Experimental study of liquid marble formation and deformation dynamics



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We present findings from an experimental study of the impact of liquid droplets onto powder surfaces, where the particulates are hydrophobic. We vary both the size of the drop and impact speed coupled with the size range of the powder in order to assess the critical conditions for the formation of liquid marbles, where the drop becomes completely encapsulated by the powder, and arrested shapes, where the drop cannot regain its spherical shape. By using different hydrophobization agents we find that a lower particle mobility may aid in promoting liquid marble formation at lower impact kinetic energies. From observations of the arrested shape formations, we propose that simple surface tensions may be inadequate to describe deformation dynamics in liquid marbles. We also studied the dynamics of liquid marble deformation. For this we performed the impact experiments of liquid marble encapsulated with different sized particles sizes across a broad range of impact speed, V0 on substrates with different wettability. We hence determined the relation between the maximum spreading ratio, and the impact parameters for the case of liquid marbles. We also compared the spreading process of liquid marbles upon impact on rigid surface to that pure water droplets experimentally and thereby studied the fingering pattern and rupture dynamics of liquid marbles in comparison to the case of pure water droplets.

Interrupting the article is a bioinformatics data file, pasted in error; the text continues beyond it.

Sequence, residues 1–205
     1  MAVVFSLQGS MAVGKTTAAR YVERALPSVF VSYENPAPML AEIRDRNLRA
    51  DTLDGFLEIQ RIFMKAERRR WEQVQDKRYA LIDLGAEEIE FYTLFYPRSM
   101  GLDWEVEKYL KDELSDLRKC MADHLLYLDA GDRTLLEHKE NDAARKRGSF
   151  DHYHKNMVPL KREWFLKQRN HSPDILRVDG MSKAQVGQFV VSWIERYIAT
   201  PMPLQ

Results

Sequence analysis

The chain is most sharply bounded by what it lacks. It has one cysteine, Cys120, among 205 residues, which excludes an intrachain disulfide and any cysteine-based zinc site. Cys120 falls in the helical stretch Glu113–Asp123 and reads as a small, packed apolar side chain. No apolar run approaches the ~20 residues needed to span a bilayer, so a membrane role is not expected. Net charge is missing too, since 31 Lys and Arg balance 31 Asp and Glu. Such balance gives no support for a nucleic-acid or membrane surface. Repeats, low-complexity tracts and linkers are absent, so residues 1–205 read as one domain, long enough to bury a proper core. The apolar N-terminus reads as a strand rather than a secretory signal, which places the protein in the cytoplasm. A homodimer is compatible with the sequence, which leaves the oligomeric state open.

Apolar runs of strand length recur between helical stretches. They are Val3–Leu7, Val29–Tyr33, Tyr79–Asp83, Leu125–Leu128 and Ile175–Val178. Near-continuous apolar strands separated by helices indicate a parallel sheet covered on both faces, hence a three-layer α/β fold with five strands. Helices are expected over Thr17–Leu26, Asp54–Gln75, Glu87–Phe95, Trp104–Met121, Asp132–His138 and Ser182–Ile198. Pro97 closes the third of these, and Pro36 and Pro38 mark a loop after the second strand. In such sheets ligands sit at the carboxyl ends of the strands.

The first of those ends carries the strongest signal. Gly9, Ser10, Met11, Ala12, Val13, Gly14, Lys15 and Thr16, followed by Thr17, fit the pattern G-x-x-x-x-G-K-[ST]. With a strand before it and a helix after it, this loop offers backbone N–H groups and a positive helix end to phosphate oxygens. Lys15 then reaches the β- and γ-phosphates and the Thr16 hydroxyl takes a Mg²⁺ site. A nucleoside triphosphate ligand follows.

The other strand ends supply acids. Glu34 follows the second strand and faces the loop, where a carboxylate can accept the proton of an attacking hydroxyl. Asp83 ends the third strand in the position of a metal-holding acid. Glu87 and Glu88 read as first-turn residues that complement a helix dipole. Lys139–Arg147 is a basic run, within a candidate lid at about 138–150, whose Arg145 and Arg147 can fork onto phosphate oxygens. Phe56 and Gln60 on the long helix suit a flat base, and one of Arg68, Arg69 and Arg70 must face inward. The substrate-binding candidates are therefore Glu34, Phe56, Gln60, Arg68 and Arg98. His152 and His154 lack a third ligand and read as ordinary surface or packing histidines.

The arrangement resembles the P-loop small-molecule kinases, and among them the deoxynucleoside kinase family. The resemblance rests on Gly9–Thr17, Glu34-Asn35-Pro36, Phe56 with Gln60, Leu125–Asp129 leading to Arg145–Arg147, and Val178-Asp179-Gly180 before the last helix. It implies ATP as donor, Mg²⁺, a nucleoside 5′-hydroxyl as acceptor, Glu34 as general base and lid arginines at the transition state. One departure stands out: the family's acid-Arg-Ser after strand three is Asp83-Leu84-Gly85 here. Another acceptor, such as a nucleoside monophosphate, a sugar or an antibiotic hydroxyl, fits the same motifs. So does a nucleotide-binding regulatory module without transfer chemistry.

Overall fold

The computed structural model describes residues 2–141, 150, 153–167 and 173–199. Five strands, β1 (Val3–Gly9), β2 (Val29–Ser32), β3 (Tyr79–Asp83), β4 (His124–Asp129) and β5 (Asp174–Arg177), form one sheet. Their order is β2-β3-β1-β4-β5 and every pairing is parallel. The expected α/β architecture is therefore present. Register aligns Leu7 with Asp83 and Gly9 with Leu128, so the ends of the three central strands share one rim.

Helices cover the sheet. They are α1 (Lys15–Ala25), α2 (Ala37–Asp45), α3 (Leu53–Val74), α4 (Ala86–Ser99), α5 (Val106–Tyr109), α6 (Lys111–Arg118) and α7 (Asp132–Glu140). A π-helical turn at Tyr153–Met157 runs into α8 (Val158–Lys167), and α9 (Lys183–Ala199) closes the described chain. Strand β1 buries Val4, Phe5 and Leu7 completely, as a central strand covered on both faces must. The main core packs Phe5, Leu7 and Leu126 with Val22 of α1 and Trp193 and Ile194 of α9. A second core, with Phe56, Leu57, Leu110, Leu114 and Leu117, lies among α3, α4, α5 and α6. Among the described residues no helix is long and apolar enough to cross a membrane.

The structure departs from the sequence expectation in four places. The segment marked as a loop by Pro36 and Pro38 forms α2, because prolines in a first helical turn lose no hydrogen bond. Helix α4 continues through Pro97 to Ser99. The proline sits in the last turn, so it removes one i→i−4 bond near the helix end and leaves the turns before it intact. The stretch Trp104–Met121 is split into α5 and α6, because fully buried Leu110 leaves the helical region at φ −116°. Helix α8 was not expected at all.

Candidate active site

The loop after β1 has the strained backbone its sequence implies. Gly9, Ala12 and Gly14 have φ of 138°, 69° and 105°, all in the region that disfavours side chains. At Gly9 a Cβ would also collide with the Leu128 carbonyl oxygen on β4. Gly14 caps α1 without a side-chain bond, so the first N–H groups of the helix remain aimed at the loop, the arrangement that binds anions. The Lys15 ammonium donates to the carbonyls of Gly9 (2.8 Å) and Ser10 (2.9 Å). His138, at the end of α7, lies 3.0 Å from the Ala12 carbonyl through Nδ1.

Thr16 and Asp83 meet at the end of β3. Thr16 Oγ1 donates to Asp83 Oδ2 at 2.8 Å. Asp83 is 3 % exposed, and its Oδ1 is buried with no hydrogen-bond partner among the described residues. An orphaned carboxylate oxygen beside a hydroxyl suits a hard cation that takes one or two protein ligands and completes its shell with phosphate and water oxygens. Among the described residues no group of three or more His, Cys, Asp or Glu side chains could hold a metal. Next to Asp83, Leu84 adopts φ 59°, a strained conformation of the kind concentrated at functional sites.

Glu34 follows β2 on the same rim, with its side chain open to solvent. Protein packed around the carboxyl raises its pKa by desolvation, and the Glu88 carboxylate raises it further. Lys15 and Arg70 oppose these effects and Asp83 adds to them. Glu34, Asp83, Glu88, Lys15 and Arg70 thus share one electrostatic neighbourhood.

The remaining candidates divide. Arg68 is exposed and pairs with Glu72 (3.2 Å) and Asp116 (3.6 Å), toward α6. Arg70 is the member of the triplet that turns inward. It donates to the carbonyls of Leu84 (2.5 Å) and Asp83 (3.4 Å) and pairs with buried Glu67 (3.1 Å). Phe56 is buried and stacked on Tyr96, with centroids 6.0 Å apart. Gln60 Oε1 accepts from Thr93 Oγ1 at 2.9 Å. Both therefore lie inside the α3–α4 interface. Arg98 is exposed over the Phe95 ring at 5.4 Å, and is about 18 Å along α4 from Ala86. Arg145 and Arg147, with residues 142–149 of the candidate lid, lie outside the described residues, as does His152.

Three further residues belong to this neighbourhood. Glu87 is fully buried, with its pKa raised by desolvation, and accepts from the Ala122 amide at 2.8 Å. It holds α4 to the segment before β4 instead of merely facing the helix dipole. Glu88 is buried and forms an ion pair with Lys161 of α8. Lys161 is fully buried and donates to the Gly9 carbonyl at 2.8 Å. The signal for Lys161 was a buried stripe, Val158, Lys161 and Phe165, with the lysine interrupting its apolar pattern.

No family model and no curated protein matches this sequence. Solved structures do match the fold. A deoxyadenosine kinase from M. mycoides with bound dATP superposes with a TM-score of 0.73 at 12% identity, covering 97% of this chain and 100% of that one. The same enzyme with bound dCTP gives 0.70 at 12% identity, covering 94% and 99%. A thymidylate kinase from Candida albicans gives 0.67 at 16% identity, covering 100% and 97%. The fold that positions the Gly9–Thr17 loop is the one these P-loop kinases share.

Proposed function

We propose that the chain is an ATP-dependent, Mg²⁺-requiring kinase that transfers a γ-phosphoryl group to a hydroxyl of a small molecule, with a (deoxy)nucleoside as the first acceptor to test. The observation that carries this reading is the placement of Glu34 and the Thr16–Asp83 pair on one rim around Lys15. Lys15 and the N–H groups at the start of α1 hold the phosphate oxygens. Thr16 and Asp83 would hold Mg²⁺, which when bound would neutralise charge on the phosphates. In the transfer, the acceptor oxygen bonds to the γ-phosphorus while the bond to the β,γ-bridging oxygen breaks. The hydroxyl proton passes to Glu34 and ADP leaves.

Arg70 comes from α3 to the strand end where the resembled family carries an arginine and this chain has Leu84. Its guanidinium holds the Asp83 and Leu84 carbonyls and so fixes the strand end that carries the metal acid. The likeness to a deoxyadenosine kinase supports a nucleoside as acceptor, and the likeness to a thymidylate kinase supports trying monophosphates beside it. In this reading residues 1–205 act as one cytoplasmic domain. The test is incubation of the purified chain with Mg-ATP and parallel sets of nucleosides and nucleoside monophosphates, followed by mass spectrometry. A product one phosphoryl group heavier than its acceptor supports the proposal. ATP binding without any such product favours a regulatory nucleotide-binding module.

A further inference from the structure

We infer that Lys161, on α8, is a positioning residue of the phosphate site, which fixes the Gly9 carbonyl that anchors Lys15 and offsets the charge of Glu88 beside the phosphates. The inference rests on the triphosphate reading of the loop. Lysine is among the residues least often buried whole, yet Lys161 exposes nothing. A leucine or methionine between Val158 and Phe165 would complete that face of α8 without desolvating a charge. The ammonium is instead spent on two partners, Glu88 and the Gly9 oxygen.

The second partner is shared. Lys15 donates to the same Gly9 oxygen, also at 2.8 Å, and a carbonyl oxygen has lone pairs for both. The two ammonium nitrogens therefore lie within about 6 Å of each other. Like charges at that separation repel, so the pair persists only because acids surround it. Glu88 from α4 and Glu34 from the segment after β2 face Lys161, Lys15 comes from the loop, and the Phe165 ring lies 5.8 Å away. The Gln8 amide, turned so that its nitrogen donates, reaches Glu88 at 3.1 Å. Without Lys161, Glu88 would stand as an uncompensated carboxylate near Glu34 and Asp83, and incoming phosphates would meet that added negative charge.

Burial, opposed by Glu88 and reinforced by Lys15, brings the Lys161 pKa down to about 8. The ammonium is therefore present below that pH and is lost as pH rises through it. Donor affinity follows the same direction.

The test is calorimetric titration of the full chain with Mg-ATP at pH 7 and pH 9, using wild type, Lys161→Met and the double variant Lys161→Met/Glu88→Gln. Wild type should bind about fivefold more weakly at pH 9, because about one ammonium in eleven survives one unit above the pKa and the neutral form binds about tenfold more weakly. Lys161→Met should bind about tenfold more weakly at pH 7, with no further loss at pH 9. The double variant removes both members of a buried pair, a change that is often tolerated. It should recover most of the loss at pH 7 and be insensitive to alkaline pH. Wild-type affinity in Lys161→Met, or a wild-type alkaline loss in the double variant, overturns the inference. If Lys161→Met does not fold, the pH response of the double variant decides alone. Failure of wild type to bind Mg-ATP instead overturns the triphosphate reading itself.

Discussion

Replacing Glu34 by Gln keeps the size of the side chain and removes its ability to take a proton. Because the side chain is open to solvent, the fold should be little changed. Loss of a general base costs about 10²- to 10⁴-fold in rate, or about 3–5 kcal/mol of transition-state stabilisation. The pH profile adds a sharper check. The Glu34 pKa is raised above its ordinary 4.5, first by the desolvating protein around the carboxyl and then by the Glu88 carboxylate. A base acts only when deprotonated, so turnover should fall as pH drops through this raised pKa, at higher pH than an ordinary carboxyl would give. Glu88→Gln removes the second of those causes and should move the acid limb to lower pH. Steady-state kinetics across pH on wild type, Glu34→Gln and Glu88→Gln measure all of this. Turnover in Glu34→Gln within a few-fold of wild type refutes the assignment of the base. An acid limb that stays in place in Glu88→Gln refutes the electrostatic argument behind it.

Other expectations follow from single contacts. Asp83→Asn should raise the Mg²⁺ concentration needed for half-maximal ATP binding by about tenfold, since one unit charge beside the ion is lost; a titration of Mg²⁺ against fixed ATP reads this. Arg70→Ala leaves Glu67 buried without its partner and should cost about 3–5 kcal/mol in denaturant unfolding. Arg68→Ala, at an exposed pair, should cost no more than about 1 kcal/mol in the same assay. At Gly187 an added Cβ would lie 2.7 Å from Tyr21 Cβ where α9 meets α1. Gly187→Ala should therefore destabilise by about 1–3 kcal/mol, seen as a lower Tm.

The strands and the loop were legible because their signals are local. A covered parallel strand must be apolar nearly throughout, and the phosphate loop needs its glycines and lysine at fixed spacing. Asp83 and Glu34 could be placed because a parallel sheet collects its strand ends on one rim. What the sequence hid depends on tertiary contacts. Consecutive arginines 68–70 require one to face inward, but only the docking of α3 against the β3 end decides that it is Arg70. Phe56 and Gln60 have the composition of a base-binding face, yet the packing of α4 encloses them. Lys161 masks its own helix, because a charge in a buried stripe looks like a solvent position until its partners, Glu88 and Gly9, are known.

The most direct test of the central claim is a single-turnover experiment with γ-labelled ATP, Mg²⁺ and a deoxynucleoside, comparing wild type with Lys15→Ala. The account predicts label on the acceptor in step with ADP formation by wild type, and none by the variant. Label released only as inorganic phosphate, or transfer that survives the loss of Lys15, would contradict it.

High speed imaging, Liquid marbles